Cormac Morris was just over a year old when he was diagnosed with hepatoblastoma, a rare cancerous tumor that starts in the liver. Following treatment and successful liver transplant surgery at Cincinnati Children's, Cormac, now 6, is doing great and will soon join our Cancer Survivorship Program.
Five years ago, “the bottom dropped out of our lives,” said Cormac’s mom, Beckett, as she recalls hearing the initial cancer diagnosis and all the fears associated with it.
“Of course we were profoundly sad and scared. We felt completely powerless,” she added. “There was a lot of sitting in shock, a lot of tears. Then everything else in life stood still until we could start his treatment.”
Cormac began chemotherapy soon after diagnosis. Thankfully, a donor match was found within three months and soon after Cormac underwent a successful liver transplant followed by more chemotherapy.
During every step, Beckett and her husband, Matt, were there asking questions and talking with Cormac’s care team.
“We felt like our input was listened to,” said Beckett. “As far as his overall treatment plan, we knew that the doctors knew what they were doing, so we didn’t really challenge their decisions. We felt like the staff worked with us on our day-to-day concerns.”
Beckett admits that this time in their life has become a bit of a fog when it comes to memories. Thankfully, they had family in both Louisville (where they live), and Cincinnati to offer assistance. Their older daughter, Claire, stayed in Louisville with her grandparents while Cormac received this treatment in Cincinnati. The whole family would get together on weekends.
“Looking back, I think, how did we get through all of that?” said Beckett. “We were fortunate that we had family here in Louisville. We had help on both ends. We are very fortunate that it worked out that way.”
Why Cincinnati Children’s?
The Morris family decided the 100-mile drive north to Cincinnati was well worth it in order to get the care Cormac needed.
“We wanted Cormac to get all his care in one place in order to avoid silos and poor communication between providers. So we looked at the various facilities that do pediatric liver transplants,” said Beckett. “Cincinnati is easily closest to home. And then we learned what an outstanding facility it is. So we chose Cincinnati Children’s for proximity, availability of all the subspecialties, and quality.”
“We couldn’t have been happier with the care we received. Some of the staff at Cincinnati Children’s feels like family,” added Matt.
The Liver Tumor Program is co-directed by Greg Tiao, MD, and Jim Geller, MD, who also serve as co-chairs for the COG international study of pediatric liver cancer (AHEP-1531).
Geller, a pediatric oncologist and an expert in liver tumor therapy and new anticancer drug development, says the number of patients their team sees regularly is increasing, and when considering hepatoblastoma patients only represent one percent of all pediatric oncology patients, the opportunity to build a dedicated program to address such patient’s needs, and have patients and families seek out such care, is a privilege.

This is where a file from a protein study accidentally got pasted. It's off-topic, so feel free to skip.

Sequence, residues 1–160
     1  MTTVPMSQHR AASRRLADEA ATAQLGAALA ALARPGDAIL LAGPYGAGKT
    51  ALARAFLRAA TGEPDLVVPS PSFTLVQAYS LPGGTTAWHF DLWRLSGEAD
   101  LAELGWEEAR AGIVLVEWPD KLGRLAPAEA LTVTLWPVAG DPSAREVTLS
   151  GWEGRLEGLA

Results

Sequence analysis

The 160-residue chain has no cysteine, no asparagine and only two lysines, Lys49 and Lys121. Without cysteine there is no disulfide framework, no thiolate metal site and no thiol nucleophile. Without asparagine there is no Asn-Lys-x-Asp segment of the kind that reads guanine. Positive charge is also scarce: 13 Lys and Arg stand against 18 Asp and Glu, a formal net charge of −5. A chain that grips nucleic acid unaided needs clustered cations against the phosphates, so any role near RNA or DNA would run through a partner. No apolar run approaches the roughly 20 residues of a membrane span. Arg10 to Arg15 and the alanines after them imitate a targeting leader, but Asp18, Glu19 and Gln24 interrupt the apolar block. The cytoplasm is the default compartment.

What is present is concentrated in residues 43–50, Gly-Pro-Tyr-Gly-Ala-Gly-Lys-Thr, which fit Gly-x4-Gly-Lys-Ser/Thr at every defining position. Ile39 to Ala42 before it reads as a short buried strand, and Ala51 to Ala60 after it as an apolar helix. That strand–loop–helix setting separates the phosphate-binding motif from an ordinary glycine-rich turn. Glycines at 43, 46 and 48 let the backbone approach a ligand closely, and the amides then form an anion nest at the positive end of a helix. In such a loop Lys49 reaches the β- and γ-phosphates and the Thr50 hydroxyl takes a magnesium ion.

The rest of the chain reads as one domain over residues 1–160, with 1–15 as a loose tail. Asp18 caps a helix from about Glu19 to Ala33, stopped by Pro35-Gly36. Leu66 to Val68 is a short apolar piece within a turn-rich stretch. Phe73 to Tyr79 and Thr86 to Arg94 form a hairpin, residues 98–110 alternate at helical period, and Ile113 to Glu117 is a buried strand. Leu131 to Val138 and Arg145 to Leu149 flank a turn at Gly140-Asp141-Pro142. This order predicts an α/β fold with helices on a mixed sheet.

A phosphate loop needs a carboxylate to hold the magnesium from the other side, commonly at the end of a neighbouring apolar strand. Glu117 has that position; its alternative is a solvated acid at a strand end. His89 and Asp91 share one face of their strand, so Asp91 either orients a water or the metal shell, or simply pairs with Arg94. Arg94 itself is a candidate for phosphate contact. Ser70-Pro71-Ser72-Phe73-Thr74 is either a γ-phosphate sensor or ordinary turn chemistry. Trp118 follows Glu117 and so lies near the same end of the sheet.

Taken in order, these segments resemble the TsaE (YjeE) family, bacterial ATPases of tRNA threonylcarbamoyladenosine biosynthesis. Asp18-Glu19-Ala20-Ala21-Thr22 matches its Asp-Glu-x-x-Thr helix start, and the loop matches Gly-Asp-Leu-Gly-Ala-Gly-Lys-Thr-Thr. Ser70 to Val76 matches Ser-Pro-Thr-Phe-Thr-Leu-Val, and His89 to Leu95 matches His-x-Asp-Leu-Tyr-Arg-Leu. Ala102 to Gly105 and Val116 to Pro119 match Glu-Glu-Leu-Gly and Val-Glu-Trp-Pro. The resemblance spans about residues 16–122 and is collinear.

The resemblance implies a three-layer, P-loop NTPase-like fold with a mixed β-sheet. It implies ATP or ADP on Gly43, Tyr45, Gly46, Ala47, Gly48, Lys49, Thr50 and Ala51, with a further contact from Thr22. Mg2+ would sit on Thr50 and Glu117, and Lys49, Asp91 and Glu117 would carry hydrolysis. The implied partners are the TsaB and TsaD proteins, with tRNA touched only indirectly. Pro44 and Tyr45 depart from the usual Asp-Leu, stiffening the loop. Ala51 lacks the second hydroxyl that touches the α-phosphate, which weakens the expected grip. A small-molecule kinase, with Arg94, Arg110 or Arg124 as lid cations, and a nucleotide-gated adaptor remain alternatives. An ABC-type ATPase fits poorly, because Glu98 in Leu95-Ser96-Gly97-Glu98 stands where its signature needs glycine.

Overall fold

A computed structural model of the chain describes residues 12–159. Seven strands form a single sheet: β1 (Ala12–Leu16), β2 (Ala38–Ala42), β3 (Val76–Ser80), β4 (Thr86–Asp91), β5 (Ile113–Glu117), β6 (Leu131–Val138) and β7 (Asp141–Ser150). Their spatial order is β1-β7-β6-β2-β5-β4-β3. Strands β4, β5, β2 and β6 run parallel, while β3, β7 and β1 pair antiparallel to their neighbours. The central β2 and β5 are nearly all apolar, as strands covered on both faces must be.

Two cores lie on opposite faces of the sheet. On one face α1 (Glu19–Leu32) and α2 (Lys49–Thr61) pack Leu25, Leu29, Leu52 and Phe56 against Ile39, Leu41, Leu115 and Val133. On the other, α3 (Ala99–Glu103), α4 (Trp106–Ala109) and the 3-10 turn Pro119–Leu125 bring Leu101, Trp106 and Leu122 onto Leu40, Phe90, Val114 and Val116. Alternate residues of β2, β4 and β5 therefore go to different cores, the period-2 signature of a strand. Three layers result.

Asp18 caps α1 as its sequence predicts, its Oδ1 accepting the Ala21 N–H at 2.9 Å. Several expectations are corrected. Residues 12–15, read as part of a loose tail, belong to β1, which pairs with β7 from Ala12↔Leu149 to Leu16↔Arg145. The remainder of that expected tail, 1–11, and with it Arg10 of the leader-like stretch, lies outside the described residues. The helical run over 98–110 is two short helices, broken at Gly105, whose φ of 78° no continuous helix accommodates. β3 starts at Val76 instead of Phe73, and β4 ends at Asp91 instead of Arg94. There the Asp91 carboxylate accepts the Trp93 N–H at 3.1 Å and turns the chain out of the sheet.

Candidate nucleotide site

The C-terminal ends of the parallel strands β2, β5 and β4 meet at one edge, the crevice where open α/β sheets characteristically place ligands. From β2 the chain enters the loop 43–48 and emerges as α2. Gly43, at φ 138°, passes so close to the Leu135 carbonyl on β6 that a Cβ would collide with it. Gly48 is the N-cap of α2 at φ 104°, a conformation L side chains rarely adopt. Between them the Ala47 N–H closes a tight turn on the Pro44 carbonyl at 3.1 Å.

“Not all need liver transplants, but we’ve got a lot of complicated kids,” said Geller. “It’s been wonderful to see Cormac thrive into a vibrant, curious, active young boy. He fought through – very early in life – incredible challenges. Very aggressive chemotherapy. Very aggressive surgery. And yet he had the inner strength to not only persevere, but thrive.”
Besides their immediate and extended families, Beckett and Matt said they found all the support they needed inside the hospital walls.
“In the hospital, from the whole care team – respite, massage, therapy – we definitely felt very much supported. We didn’t reach out [elsewhere]. We were so involved in the treatment and zoned-in on Cormac,” said Beckett.
Cormac did not have a typical treatment plan, according to Geller. Post-transplant, he underwent additional chemotherapy to finish his hepatoblastoma treatment, followed by additional chemo (ICE) to help treat the more aggressive cancer that had spread to Cormac’s lymph nodes.
“We felt this individuated approach was justified for Cormac based on our understanding of him and his risk factors,” said Geller.
Cormac’s parents said they are forever indebted to Dr. Geller and his team. They participated in the inaugural Cincinnati Children's Hepatoblastoma Day in November 2018. The event brought together 11 families representing 10 states.
“It was fascinating to learn more about the disease and the kind of research that is being done. It was also very special to meet other families who had suffered from it," said Beckett.
The next Hepatoblastoma Day is planned for late winter / early spring 2020 in Cincinnati. The ultimate goal of these meetings is to create a national registry – possibly even international – and focus on relapse cases and patients who don’t follow the standard care path.
Today, the Morrises are now focused on the here and now, which includes Cormac’s medication: an immunosuppressant twice a day, and making new memories.
“We’re in a very good place, with Cormac. He’s a smart little guy. He’s doing great,” she said.